Order:
  1.  20
    Human Embryonic Stem Cells and Respect for Life.J. R. Meyer - 2000 - Journal of Medical Ethics 26 (3):166-170.
    The purpose of this essay is to stimulate academic discussion about the ethical justification of using human primordial stem cells for tissue transplantation, cell replacement, and gene therapy. There are intriguing alternatives to using embryos obtained from elective abortions and in vitro fertilisation to reconstitute damaged or dysfunctional human organs. These include the expansion and transplantation of latent adult progenitor cells.
    Direct download (8 more)  
     
    Export citation  
     
    Bookmark   7 citations  
  2.  25
    The Significance of Induced Pluripotent Stem Cells for Basic Research and Clinical Therapy.J. R. Meyer - 2008 - Journal of Medical Ethics 34 (12):849-851.
    It is argued that the use of induced pluripotent stem cells for regenerative therapy may soon be ethically practicable and could sidestep the various objections pertaining to other types of stem cell (human embryonic stem cells, and stem cells obtained by altered nuclear transfer or somatic cell nuclear transfer).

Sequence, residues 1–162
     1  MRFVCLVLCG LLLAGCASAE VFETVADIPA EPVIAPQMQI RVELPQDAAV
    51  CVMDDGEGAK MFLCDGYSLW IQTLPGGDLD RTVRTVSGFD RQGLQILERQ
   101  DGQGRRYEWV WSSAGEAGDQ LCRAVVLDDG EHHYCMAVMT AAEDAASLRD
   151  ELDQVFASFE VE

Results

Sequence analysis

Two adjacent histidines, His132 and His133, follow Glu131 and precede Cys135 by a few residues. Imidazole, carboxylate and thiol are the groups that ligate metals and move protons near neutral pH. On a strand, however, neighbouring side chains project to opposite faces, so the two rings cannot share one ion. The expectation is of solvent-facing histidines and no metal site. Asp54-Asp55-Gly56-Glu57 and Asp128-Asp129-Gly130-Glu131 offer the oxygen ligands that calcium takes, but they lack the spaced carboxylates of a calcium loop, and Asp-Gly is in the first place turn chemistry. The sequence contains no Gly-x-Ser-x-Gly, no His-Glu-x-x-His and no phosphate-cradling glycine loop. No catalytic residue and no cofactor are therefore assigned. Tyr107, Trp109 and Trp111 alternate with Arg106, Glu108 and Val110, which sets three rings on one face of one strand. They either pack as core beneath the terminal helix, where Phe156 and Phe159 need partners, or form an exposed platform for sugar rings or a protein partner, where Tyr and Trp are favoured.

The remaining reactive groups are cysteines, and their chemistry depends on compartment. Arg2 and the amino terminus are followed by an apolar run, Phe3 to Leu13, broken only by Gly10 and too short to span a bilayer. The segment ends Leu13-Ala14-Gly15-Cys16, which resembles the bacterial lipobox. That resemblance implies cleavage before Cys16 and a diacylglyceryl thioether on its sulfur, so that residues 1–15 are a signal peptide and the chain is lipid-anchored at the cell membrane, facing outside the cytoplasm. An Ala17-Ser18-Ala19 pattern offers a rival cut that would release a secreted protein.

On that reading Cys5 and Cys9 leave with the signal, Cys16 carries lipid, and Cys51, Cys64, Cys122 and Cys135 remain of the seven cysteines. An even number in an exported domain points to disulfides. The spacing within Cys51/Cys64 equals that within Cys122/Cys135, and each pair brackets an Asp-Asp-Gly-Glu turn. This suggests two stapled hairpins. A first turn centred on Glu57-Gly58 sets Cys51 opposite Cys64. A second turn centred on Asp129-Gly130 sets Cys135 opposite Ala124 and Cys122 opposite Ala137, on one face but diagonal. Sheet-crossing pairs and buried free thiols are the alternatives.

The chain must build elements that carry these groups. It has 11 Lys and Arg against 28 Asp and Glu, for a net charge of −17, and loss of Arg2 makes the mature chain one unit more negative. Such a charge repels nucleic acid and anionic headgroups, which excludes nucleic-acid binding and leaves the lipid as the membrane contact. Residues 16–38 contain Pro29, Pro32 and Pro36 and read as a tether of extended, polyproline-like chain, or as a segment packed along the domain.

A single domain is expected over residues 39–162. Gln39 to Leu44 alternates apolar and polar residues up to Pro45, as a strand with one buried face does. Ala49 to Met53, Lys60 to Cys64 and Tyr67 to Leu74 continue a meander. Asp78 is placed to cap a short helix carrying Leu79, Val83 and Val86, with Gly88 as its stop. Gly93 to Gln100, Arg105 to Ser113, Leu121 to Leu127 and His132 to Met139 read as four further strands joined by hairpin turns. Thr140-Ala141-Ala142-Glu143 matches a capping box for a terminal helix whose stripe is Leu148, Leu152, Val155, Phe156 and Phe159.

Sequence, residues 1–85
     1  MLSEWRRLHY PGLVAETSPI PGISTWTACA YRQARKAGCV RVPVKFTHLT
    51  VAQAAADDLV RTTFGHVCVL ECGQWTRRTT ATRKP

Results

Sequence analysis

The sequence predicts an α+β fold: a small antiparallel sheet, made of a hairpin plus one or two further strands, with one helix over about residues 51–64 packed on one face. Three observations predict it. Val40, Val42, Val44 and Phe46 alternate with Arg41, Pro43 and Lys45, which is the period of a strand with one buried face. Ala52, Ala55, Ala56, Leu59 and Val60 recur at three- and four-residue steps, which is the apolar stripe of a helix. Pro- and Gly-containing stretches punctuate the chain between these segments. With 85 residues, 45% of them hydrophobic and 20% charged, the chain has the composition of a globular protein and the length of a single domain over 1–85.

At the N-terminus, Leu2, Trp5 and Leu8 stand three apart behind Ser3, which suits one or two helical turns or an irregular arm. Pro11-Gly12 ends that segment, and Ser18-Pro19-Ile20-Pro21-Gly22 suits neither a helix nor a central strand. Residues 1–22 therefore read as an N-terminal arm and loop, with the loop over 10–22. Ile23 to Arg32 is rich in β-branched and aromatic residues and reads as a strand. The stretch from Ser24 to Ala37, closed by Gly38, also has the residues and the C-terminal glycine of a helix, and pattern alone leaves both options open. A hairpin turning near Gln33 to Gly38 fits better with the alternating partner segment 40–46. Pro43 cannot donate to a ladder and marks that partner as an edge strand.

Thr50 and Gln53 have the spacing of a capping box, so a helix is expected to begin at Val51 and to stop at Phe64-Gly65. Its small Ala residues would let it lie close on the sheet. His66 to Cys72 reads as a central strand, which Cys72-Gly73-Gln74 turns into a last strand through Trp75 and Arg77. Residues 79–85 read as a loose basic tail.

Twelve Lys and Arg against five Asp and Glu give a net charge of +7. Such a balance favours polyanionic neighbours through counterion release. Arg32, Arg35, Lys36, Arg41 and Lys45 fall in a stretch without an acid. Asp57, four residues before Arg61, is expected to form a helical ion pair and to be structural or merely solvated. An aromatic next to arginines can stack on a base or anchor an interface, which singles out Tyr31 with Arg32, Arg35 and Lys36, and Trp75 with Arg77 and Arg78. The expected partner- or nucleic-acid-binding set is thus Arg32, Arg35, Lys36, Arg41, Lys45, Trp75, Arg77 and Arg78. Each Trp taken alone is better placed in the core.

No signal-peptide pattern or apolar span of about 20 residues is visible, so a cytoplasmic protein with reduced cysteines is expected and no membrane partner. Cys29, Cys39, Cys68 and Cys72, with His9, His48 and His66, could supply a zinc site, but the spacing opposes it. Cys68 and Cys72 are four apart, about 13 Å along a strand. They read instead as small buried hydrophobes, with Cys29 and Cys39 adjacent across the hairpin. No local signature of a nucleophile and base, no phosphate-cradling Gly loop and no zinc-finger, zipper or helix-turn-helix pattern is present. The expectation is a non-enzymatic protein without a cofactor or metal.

Direct download (5 more)  
     
    Export citation  
     
    Bookmark   1 citation  
  3.  8
    Athanasius' Son of God.J. R. Meyer - 1999 - Recherches de Theologie Et Philosophie Medievales 66 (2):225-253.
    The Alexandrian theologian Origen wrote that God the Father exceeds the Son in a way that surpasses the Son’s own transcendence of creation, and he apparently did so in order to oppose those who disregarded Jesus’ statement that «the Father is greater than I» . Just a few years after Origen’s death, however, when correction of his Son of God theology was well underway, Arius radicalized the latent subordinationism present in Origen’s thought by placing the Son among created things. The (...)
    Direct download (2 more)  
     
    Export citation  
     
    Bookmark